I was approached by a woman at a flea market who asked me if I wanted a new pair of shoes. The woman was dressed in what appeared to be a peasant or gypsy skirt. Before I could answer, she led me by the hand to a mall to find a pair of shoes. I turned to my left and saw a street with a bus on it. I was not sure where I was, so I asked her, “Is that Sheffington Street?” She said, “No, we are on Shefford Road.” I awoke shortly thereafter.

This dream seemed remarkable because Shefford Road is the road on which my father still lives. The way the woman in the dream was dressed reminded me of the style of skirts favored by my mother. I began to wonder whether my insistent guide was really my mother taking me to see my father. That she was escorting me personally meant that there was an important reason for my visit. I had not seen my father since before this dream, so it seems that my mother wanted me to undertake something with him, like this upcoming trip.

The house of my parents

The house of my parents

How do I know this journey was what she had in mind when she escorted me towards my father’s place? The shoes suggest this because they are, obviously, symbolic of walking and travelling, something my father and I would be doing a lot of. Yet why would this be important to my mother? At first, I thought she wanted me to give this gift to my father, accompanying him on one last journey to Austria and Germany. But, perhaps there was more to it than that. What if she wanted us to undertake this journey, not for my father’s sake, but for her sake? If so, then what could be so important that she came to me in a dream? The only thing I could think of was that she wanted her ashes returned to Salzburg, the place of her birth. My father had been waffling on this idea. He said that maybe I should wait until he dies and then “do with our ashes what you will”. I cannot give the reason for why my mother might be so insistent that her ashes go back to Austria, but as with God who asks us to do things we do not understand, I decided to fulfill her wishes.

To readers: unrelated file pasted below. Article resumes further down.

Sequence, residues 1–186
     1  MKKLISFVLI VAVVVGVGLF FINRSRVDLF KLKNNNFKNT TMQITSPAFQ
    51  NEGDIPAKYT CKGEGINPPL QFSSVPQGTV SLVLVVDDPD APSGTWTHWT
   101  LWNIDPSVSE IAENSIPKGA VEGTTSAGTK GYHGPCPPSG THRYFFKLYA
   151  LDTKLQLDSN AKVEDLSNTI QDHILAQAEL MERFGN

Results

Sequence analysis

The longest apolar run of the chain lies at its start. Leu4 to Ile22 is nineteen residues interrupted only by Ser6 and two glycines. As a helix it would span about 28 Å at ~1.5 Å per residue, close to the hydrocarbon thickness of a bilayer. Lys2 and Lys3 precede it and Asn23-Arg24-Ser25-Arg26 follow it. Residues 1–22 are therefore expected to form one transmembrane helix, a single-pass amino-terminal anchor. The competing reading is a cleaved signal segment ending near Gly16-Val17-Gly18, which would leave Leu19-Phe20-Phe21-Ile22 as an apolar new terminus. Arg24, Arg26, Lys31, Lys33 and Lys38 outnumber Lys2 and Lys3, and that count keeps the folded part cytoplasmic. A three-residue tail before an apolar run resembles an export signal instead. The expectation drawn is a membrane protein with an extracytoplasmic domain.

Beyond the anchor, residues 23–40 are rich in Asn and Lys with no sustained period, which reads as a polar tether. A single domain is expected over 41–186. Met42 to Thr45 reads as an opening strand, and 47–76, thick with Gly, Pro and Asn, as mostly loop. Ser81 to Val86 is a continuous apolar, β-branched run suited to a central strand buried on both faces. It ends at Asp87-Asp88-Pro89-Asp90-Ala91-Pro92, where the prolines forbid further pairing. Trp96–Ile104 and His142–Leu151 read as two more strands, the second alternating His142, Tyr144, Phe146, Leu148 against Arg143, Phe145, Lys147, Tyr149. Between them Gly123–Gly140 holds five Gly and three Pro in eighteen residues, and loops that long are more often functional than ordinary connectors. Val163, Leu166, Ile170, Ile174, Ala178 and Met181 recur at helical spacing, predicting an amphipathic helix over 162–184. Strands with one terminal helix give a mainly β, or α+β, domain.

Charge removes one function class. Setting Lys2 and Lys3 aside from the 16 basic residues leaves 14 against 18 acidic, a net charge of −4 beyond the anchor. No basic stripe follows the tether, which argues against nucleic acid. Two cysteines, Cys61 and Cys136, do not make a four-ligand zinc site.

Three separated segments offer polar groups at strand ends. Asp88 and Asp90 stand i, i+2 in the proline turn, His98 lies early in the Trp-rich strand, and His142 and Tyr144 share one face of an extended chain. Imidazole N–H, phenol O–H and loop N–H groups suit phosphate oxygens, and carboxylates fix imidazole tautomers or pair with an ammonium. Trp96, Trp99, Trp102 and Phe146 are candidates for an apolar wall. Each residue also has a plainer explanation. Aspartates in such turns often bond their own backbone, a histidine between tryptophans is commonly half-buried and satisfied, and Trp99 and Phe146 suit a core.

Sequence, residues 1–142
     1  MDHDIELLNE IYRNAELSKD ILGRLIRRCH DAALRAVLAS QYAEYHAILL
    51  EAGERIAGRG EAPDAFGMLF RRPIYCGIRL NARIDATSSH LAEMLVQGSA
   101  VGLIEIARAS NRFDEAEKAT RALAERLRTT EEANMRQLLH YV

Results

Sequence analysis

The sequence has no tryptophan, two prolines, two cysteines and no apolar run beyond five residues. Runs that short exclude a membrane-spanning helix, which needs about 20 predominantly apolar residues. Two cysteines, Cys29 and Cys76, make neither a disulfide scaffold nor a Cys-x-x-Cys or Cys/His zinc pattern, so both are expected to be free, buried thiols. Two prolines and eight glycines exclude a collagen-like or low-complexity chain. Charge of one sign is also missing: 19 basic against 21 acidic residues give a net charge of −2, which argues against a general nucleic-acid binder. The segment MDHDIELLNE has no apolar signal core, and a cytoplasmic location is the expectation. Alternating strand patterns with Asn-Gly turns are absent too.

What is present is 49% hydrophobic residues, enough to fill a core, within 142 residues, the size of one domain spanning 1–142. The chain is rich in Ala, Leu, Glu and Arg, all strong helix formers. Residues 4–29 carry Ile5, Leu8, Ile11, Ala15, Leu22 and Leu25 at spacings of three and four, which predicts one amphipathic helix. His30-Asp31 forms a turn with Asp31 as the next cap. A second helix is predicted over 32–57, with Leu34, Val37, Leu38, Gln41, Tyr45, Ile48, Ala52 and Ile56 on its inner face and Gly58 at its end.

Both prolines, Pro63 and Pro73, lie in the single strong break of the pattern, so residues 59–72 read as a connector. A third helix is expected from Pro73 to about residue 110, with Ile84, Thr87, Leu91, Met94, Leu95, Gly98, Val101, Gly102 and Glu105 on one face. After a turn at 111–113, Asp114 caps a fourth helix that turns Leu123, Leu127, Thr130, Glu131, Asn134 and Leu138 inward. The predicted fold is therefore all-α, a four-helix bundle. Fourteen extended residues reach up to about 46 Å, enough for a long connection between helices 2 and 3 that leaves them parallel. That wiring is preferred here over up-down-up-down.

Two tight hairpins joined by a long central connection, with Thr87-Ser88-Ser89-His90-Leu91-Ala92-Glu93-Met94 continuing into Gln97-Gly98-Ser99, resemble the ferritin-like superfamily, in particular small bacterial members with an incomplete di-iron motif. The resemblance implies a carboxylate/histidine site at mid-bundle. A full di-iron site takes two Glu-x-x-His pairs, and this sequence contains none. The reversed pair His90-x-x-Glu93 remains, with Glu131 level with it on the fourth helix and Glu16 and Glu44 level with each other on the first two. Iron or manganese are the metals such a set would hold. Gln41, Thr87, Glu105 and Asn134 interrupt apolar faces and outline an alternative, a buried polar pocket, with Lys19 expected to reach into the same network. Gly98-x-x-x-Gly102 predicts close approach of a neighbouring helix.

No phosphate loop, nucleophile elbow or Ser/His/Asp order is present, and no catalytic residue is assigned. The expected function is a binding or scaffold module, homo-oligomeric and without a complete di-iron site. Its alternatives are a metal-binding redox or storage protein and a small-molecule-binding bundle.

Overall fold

Mother's Ashes
When I wrote to my father about my dream, he agreed that this was a sign and the time was right for us to travel together to Europe. He was so eager that he put together the itinerary for our trip almost immediately. Our plan was that I was to travel from the USA to Montreal and from there we would fly together to Berlin. After that, we planned to take a short trip to Austria so my father could show me where he grew up and went to University, as well to Salzburg where he had proposed to my mother. The highpoint was to be the sprinkling of my mother’s ashes on the top of the Untersberg mountain. All of this had to be accomplished in four days because we had in mind to be back in Berlin in time to celebrate my sister’s 60th birthday by attending the recital of a well-known pianist at the Symphony Hall of the famous Berlin Philharmonic orchestra. Once we arrived in Germany, however, events spun out of our control and I felt myself torn from the role of tourist and thrust into the midst of a Hero’s Journey!